I recently came across an objection to Aquinas's basic account of analogy that is interesting, in the sense that answering it clarifies some things about the account that people often find confusing. The objection is essentially this. Analogy is supposed to be something intermediate between univocity and equivocity: if a term is predicated analogically, it is predicated neither univocally nor equivocally. But this means that its meaning in the two instances considered has to be partly the same and partly the different. But pretty much every sort of equivocation is a case in which the terms involved are in some way partly the same. 'Bank' in the sense of a financial institution and 'bank' in the sense of a part of a river would be equivocal -- they are merely homonyms. But you still can find things that a financial institution and a part of a river have in common. For instance, they are both places where something might be located. So it seems that the doctrine of analogy has a problem.
As you might have guessed, I don't think so. When Aquinas says that the definition of the term is partly the same and partly different, he isn't talking about any old way in which they could be the same. What he means specifically is that either (1) one definition includes a reference to the other or (2) both definitions include a reference to the same thing. One reason why Aquinas uses the 'healthy' example so much (it is not the only example he uses) is that it nicely exhibits both of these. 'Healthy' can be applied to diets, to bodies, and to urine samples. Obviously it doesn't mean exactly the same thing in each case. But the healthiness of diets and the healthiness of bodies are obviously not completely different, either; and the reason is that you can't explain the healthiness of a diet without reference to the healthiness of bodies. That is, what makes 'healthy' in 'This diet is healthy' and 'This body is healthy' analogical is that the former use of 'healthy' logically depends on the latter use. Likewise, 'healthy diet' and 'healthy urine sample' aren't using 'healthy' in a univocal way. But they both are partly the same in the sense that an adequate account of both requires reference to healthiness in bodies -- healthy diets are healthy in the sense that they contribute to bodies being healthy, and healthy urine samples are healthy in the sense that they are signs of bodies being healthy. In general this reference to one is by cause, or by effect, or due to mental understanding (e.g., when 'God' is used of what someone thinks of as God and of God); I can't recall Aquinas giving another way in which the reference to one could exist, although conceivably there is some somewhere.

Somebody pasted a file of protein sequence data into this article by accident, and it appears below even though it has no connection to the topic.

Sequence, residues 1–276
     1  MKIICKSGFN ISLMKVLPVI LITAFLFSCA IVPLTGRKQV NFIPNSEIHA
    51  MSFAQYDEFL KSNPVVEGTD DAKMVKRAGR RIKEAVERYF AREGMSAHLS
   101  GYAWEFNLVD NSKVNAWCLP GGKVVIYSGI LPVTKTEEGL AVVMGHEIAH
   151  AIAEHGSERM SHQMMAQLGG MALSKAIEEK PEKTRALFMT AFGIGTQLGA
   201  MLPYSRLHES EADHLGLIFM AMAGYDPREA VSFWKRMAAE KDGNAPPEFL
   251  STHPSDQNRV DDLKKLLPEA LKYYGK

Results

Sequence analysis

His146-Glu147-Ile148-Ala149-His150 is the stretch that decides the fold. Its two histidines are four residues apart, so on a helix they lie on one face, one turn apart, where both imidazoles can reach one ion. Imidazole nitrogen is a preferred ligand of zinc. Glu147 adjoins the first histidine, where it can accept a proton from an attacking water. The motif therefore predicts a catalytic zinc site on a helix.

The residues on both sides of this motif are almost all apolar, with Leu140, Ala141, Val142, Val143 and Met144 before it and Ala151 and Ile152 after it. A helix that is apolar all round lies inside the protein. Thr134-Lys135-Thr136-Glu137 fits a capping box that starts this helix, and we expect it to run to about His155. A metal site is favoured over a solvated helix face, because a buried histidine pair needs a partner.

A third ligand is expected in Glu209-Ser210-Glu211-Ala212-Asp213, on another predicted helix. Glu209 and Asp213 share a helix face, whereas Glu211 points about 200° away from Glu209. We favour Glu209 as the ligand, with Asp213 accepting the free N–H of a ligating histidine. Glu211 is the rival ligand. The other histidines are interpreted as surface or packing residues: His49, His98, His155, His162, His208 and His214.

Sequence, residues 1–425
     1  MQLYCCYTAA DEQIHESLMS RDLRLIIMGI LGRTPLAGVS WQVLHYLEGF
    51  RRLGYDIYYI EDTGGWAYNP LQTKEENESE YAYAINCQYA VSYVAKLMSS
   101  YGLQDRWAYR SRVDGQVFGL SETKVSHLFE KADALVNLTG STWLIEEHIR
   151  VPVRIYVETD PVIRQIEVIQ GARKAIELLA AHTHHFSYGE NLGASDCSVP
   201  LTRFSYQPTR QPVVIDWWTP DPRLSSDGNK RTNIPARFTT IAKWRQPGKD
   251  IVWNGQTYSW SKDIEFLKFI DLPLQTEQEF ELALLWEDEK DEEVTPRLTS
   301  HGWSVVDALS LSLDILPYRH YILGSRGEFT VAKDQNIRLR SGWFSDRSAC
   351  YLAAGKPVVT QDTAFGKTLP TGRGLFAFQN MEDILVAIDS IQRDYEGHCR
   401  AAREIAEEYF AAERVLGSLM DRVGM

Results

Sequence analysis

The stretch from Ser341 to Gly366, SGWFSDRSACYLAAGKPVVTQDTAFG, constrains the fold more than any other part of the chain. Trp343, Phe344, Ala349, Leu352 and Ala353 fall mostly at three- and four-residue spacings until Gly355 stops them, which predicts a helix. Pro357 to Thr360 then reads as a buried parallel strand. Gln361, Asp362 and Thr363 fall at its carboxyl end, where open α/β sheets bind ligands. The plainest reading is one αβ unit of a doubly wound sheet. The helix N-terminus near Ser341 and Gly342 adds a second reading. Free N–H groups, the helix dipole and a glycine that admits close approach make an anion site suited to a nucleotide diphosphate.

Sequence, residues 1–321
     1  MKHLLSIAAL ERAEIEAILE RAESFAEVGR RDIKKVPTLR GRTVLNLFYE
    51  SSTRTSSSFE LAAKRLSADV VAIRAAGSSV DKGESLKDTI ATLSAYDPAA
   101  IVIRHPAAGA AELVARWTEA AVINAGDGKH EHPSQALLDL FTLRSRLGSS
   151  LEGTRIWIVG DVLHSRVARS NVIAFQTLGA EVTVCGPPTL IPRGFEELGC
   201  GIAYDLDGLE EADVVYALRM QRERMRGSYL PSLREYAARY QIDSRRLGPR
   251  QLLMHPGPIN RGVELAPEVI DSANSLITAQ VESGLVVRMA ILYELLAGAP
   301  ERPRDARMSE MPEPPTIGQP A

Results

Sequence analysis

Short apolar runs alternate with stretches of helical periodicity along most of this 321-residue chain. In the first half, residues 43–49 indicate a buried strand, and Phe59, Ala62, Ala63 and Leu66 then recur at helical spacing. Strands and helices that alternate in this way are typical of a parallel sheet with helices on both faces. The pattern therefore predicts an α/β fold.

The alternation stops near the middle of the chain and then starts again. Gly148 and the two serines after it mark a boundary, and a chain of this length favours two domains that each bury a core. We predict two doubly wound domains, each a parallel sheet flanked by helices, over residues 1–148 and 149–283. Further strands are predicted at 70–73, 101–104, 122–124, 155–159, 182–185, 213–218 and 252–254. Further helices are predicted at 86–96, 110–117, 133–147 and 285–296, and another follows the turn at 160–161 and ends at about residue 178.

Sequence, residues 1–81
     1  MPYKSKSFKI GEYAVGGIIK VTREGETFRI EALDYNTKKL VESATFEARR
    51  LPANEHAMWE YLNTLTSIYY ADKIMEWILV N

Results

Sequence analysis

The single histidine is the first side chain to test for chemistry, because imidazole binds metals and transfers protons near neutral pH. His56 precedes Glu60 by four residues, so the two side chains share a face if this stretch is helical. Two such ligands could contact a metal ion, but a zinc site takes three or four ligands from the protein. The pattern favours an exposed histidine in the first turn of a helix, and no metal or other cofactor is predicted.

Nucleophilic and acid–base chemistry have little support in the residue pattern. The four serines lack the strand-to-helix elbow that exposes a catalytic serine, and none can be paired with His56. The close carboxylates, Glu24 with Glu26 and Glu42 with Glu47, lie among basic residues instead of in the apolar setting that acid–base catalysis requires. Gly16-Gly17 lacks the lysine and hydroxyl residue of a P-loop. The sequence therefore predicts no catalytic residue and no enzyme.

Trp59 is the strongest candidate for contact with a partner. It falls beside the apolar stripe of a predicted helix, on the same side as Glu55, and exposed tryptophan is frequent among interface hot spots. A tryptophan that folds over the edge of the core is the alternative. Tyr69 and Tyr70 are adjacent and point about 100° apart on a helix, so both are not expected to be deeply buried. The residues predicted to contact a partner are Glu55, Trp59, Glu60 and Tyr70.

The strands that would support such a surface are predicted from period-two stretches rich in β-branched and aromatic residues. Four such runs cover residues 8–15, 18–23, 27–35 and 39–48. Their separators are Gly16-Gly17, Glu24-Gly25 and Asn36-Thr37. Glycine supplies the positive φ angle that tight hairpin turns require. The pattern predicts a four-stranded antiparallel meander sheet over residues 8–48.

The point that is relevant to the objection, in any case, is that the partial sameness of analogy is in fact a relatively precise thing; it does not mean similarity but actual sameness, and it doesn't even many any sort of sameness, but sameness due to proportion between terms -- reference to one thing.